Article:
McMahon used his own construction crew and built the new building beside the Newby Building without consent from the absent owner. As the construction progressed, the investors realized the building was only going to be 40 feet tall instead of 480 feet. They also found that, unfortunately, the contract was legally binding as they did approve the blueprints. By the time the new building was finished, McMahon absconded with the remaining money. (source)

3. For 30 years since the ’80s, Barry Landau posed as a presidential historian, rubbing shoulders with presidents such as Bill Clinton, all the while smuggling over 10,000 documents including inaugural addresses and letters by Napoleon, Karl Marx, and George Washington. 

Landau’s interest in the presidency began at 10 years of age when his mother took him to see the then President Eisenhower. During the ’70s and ’80s, he worked as a press agent in New York and also claimed to be a protocol officer under President Gerald R. Ford. He once traveled to Moscow with President Richard M. Nixon. During this time, Landau attended state dinners for George H.W. Bush, Ronald Reagan, and Bill Clinton. He met Oprah Winfrey upon whose insistence he wrote the book The President’s Table published in 2007 and promoted it on Martha Stewart’s show.

It wasn’t until July 9, 2011, that everything unraveled as his apprentice, 24-year-old Jason Savedoff, was seen taking a document from the Maryland Historical Society library. Police found 60 documents in his laptop back, many of which were signed off by Landau. A further search of Landau’s apartment revealed thousands more stolen from various institutions including the Library of Congress, the Franklin D. Roosevelt Presidential Library, and the Yale, Columbia, and Cambridge Universities, the New York Public Library, and the Smithsonian Institution. Both Landau and Savedoff plead guilty and were sentenced to prison. (12)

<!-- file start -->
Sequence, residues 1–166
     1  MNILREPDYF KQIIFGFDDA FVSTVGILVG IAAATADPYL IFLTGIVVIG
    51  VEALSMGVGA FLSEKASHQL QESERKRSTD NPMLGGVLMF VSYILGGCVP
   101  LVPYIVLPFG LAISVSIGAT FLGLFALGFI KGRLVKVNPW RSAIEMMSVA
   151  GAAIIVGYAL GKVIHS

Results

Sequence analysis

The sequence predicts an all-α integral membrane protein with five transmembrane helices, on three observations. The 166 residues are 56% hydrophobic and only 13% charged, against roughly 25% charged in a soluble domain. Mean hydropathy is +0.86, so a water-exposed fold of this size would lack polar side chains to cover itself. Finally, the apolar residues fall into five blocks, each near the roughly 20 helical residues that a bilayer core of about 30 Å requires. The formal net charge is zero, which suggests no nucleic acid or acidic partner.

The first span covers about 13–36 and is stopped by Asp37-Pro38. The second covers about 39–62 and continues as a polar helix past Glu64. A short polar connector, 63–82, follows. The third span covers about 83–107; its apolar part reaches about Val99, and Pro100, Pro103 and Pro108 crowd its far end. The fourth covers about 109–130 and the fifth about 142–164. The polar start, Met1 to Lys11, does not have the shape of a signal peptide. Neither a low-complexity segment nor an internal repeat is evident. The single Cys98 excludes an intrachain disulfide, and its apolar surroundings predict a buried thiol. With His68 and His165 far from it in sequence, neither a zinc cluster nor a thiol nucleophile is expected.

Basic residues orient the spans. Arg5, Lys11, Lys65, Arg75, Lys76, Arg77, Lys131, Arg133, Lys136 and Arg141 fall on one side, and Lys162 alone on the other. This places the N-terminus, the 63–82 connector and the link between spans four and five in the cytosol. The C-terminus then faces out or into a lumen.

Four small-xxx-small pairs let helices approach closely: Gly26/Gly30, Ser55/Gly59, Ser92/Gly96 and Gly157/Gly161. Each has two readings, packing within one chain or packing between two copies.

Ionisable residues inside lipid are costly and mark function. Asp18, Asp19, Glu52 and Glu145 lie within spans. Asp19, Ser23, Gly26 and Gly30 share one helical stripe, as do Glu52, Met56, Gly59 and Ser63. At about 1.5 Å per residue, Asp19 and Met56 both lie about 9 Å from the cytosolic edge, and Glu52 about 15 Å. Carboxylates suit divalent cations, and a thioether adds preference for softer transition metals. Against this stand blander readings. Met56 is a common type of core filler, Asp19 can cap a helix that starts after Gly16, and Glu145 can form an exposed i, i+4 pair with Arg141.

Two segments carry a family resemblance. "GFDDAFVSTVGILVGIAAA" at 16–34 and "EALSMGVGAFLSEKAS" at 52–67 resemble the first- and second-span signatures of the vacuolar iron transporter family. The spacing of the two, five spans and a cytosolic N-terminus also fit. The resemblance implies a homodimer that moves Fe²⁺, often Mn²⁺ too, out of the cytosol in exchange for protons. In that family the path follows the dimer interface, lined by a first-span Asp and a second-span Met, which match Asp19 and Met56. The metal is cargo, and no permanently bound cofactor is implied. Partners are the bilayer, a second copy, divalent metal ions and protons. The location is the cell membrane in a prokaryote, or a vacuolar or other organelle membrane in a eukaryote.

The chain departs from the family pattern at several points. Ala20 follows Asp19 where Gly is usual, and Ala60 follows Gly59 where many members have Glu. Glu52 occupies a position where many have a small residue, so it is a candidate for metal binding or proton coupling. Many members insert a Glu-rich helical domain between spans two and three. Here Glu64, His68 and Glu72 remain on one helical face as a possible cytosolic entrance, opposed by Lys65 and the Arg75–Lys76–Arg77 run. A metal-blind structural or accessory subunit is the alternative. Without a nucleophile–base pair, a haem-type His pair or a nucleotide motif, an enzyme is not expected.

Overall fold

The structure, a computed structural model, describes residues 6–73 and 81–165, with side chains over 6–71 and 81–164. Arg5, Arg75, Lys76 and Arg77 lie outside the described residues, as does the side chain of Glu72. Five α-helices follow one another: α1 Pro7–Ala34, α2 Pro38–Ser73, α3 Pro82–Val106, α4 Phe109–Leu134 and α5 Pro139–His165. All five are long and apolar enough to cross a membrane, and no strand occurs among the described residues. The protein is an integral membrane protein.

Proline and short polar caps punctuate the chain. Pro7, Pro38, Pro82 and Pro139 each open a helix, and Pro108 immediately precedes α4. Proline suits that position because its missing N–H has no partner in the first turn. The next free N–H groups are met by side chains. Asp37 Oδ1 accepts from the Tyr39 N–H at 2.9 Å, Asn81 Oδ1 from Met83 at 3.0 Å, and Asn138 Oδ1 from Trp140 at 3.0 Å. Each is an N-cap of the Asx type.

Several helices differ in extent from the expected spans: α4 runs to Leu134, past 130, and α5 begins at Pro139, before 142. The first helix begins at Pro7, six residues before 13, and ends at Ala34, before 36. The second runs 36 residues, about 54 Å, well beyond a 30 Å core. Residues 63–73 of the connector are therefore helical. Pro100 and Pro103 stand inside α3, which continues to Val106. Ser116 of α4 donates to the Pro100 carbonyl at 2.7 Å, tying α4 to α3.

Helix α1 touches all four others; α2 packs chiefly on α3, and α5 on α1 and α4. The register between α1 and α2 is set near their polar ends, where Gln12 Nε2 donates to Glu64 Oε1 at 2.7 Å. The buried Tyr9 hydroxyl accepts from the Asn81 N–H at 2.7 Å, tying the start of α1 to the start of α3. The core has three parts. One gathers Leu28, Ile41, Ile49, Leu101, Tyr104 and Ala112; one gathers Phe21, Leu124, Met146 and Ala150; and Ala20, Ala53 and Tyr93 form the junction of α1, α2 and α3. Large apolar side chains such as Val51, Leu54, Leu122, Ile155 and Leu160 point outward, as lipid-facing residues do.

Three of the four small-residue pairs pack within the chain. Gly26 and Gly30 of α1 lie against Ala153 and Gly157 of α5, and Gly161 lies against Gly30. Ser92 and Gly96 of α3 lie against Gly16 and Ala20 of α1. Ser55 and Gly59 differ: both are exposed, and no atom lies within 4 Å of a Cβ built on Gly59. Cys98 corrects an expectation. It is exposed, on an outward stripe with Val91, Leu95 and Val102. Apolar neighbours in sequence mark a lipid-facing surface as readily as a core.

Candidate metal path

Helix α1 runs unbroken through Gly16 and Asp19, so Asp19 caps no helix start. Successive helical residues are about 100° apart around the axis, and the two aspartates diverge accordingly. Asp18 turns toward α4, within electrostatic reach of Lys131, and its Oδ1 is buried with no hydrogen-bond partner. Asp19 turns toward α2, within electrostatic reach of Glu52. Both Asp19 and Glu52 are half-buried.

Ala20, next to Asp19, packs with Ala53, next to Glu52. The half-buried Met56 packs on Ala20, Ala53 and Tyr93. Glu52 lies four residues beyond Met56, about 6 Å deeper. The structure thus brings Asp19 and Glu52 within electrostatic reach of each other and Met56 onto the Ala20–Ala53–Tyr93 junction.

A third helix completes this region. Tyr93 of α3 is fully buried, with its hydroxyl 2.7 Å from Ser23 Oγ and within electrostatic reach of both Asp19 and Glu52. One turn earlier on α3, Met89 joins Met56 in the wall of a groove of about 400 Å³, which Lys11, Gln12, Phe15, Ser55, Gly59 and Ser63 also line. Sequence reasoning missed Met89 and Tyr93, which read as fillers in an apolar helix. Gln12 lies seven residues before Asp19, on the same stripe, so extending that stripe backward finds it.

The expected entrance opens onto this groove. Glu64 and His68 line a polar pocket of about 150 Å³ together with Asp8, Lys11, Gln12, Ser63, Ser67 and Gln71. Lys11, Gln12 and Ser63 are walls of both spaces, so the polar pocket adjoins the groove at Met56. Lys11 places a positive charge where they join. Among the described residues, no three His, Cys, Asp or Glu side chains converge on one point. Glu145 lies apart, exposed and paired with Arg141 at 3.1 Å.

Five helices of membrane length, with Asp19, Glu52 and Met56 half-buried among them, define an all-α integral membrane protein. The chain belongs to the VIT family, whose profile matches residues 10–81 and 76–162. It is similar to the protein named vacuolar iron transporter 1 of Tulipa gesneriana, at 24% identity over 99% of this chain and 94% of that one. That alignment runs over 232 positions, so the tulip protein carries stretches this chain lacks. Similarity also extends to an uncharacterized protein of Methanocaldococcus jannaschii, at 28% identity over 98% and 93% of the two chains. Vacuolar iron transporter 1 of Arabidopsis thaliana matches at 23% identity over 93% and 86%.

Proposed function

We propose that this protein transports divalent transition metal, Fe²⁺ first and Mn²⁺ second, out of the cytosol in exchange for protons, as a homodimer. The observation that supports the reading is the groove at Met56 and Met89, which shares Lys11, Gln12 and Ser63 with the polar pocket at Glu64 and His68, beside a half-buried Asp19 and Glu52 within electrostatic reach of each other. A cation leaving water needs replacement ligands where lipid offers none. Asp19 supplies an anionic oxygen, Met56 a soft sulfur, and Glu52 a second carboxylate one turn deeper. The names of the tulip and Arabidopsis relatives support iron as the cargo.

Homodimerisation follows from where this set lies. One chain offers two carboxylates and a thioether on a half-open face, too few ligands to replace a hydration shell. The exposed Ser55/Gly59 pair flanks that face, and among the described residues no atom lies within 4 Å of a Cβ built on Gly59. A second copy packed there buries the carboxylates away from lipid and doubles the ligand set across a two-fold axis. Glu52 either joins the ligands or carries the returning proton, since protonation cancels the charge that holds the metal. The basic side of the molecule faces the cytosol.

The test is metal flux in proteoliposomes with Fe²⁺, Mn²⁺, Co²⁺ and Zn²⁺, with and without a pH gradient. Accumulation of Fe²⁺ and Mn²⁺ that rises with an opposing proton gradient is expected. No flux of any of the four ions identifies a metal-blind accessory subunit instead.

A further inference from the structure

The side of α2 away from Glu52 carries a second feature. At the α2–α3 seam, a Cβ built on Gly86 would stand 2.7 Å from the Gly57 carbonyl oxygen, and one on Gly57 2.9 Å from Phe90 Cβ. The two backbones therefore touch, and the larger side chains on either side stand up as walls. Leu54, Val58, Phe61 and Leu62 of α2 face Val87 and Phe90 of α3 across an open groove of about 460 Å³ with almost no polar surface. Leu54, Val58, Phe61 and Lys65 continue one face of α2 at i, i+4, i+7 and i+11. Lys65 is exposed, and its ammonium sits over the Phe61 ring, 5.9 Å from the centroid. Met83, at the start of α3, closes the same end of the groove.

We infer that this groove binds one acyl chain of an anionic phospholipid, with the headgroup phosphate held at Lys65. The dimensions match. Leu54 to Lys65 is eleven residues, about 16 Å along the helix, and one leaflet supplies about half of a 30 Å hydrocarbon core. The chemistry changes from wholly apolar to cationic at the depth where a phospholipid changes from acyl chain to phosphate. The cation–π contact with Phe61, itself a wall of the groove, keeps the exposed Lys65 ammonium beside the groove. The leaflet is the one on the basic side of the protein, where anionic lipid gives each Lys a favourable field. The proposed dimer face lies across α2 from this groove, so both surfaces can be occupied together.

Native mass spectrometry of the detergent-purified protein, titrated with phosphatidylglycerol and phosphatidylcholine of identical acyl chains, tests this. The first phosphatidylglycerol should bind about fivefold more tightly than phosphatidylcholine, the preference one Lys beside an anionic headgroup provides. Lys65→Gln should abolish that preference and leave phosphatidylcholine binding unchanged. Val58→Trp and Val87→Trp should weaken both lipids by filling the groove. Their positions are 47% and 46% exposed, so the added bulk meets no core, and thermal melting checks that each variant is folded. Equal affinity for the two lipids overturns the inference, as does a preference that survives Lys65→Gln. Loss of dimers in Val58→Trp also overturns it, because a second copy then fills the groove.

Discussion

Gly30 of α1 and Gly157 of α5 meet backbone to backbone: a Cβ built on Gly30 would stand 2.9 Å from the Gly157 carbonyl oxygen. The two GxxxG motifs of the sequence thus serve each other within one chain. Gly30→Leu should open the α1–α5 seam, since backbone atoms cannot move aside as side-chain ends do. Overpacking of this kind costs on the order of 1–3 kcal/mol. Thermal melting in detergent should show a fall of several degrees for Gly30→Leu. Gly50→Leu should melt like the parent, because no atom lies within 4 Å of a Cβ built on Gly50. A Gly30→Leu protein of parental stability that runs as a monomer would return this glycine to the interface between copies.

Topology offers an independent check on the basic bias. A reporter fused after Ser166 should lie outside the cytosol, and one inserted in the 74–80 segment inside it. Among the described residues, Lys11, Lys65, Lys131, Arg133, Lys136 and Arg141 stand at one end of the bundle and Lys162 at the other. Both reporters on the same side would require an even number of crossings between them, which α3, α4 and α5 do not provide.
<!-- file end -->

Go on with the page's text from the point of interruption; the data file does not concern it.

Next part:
4. In 1872, an Englishman posing as Lord Gordon-Gordon swindled one million dollars from rail magnate Jay Gould and fled to Canada. When Gould couldn’t get him arrested, he and his friends tried to kidnap Gordon-Gordon, got caught, couldn’t get bailed out, and almost caused a full military invasion of Canada by America.

Lord Gordon-Gordon and Jay Gould. Image Source: The Manitoba Historical SocietyLibrary of Congress

Lord Gordon-Gordon claimed to be from Clan Campbells and a descendant of ancient kings of the Scottish Highlands. When he moved to New York, Jay Gould was trying to gain control of the Erie Railroad. Gordon-Gordon convinced Gould that with a bribe of $1 million in negotiable stocks he would ensure the help of several Europeans who had stock in the company. When Gould found out Gordon-Gordon put the stocks on the market, he sued the latter who was put on trial in March 1873.

While on bail, Gordon-Gordon fled to Canada where he convinced authorities that he was falsely accused and offered to buy large parts of Manitoba. When the Canadian authorities did not handover Gordon-Gordon, Gould and his associates (two future governors and three future congressmen) tried to kidnap him. They were, however, caught, and when bail was refused, Governor Horace Austin of Minnesota readied local militia and thousands of Minnesotan volunteers to invade Canada.